Iranian officials said Tuesday they were hopeful a Russian compromise to end the crisis over Iran's nuclear program would bear fruit, also hinting that they attached greater weight to it than to talks with the EU-3.
Russian officials will visit Iran's Bushehr nuclear plant Thursday
Ali Hosseini-Tash, the deputy secretary of Iran's Supreme National Security Council, said the negotiations in Moscow had been positive and "give us the hope of reaching an agreement."
"The main question is the creation of a more normal situation and to reduce this tension so that we won't have people making unreasonable demands of each other," he said before leaving for Iran.
But Russian Foreign Minister Sergei Lavrov was markedly more cautious.
"I think it would be premature to use terms such as failure or success," he told reporters.
Russia, as a veto-wielding member of the UN Security Council with traditionally close ties to Iran, has long tried to mediate in the long-running dispute over its partner's nuclear program. Its proposal is to create a joint venture that would enrich uranium for Tehran's energy needs on Russian soil.
Russia sees it as a means of getting Iran to reinstate its moratorium on uranium enrichment work, after Tehran broke seals at three nuclear facilities last month and signaled its intention to resume nuclear work.
Iran stresses talks with Russia, not EU
The proposal by Moscow has been cautiously welcomed by Western countries, which suspect Iran's stated intention to develop peaceful nuclear energy is simply a cover for developing atomic weapons.
Iranian officials have also hinted that they attach greater significance to negotiations with Moscow rather than with the EU troika of Germany, France and Britain who have been holding on-and-off talks with Teheran for over two years.
"Our contacts with the European Union will for the moment not be held only with the EU-3, but also in a unilateral manner with the different countries of the European Union," Mottaki told reporters following talks on Monday with EU officials in Brussels.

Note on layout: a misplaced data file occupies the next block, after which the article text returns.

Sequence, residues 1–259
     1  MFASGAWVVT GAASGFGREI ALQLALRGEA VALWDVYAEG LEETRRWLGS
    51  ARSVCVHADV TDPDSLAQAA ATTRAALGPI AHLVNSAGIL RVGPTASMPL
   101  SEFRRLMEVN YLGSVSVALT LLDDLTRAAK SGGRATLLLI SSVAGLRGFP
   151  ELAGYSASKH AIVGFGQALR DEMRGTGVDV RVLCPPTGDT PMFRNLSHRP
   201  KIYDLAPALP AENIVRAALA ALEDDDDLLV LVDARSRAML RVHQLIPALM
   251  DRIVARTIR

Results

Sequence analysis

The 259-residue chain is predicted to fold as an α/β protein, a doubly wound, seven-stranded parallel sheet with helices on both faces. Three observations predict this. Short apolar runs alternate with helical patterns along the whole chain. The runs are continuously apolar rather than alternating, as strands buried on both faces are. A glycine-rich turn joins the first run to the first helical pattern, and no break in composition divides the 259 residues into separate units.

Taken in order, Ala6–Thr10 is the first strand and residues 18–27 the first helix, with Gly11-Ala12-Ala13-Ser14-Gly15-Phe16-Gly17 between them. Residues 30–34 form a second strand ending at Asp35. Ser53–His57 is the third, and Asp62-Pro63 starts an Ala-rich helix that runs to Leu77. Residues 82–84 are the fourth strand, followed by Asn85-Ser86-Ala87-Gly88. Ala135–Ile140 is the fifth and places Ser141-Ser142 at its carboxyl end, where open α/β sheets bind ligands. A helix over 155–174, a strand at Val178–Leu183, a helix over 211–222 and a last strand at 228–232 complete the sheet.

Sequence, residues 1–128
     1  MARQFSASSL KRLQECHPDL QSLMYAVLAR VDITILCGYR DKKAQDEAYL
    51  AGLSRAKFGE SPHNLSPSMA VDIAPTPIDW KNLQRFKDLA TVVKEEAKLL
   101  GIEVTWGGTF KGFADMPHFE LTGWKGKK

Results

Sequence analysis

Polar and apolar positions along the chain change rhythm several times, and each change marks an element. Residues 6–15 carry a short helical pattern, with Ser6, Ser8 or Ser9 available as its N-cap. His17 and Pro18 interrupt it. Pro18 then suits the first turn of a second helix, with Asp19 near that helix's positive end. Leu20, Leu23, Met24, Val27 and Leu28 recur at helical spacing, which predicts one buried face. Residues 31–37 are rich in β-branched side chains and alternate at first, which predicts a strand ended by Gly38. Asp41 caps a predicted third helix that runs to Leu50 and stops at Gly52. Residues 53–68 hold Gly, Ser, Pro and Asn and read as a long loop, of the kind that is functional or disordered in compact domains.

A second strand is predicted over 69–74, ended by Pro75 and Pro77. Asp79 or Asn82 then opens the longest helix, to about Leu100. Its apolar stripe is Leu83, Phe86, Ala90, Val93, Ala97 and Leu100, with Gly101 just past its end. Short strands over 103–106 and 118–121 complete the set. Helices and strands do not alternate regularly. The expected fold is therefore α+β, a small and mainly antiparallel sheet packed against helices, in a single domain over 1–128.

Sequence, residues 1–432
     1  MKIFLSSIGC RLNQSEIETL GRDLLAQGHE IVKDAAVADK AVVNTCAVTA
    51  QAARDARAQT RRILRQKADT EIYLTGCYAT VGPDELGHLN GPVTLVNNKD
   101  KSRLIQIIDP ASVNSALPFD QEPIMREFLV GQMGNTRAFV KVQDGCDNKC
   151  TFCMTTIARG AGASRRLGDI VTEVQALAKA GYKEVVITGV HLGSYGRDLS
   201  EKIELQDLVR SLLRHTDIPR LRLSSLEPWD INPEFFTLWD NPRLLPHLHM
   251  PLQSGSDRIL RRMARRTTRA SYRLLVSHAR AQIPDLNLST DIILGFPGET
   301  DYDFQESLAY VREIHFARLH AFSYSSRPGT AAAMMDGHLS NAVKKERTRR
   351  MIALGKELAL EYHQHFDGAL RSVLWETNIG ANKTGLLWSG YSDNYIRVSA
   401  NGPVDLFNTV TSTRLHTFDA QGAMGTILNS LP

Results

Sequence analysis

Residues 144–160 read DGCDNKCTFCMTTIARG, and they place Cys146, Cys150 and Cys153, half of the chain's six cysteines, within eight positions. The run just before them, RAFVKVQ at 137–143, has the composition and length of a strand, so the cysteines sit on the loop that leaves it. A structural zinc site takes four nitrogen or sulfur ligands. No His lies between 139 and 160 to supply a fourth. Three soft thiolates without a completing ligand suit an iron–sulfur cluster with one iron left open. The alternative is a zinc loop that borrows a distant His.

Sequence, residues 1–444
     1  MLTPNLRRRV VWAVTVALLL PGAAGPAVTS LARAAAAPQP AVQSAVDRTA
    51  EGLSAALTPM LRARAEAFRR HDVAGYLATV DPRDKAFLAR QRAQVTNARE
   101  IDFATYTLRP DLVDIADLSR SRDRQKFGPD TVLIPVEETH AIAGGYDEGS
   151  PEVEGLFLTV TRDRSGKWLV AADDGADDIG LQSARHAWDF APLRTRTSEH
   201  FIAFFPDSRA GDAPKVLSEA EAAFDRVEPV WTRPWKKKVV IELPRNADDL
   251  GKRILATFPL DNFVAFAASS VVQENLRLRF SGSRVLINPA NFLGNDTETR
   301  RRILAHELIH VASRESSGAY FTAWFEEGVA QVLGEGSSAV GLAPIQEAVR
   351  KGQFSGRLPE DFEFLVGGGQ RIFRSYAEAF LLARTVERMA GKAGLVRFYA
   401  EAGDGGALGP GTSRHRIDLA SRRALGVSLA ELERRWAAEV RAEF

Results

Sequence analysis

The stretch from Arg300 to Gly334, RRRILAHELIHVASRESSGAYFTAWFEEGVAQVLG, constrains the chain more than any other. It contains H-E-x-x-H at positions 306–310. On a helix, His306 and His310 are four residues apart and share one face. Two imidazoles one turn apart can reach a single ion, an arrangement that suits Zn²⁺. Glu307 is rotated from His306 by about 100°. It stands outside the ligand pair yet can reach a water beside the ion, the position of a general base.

German Foreign Minister Frank-Walter Steinmeier said on a visit to Japan that diplomacy can still work in resolving the Iranian nuclear standoff even though economic sanctions cannot be ruled out.
"The issue of a military option does not arise," Steinmeier told a news conference. "We must show imagination and take advantage of different diplomatic possibilities."
"I do not believe economic sanctions are imminent. But we cannot completely rule out imposing sanctions," he said.
Russians to visit Iranian nuclear plant
Technical staff at the Isfahan uranium conversion facility in central Iran
Russian negotiators continued to press Iran at the talks to stop enrichment work, Russian foreign ministry spokesman Mikhail Kamynin said.
Moscow called on Iran "to return to a moratorium regime on all types on work on uranium enrichment including scientific research and construction work," Kamynin was quoted by the official ITAR-TASS news agency as saying.
The talks in Moscow are to be followed up with a visit to Iran on Thursday by the head of Russia's atomic energy agency Rosatom, Sergei Kiriyenko. He is due to meet senior Iranian officials and to visit a nuclear power station that Russia is building for Iran at Bushehr, in southern Iran.
UN Security Council
However Iran has shown no sign of willingness to restore a moratorium on uranium enrichment at home, a key demand of the West.
Iran has been reported to the UN Security Council over its nuclear activities, and a March 6 meeting of the UN's International Atomic Energy Agency will be vital in determining how the world body responds.
Moscow has repeatedly cautioned against a possible imposition of sanctions.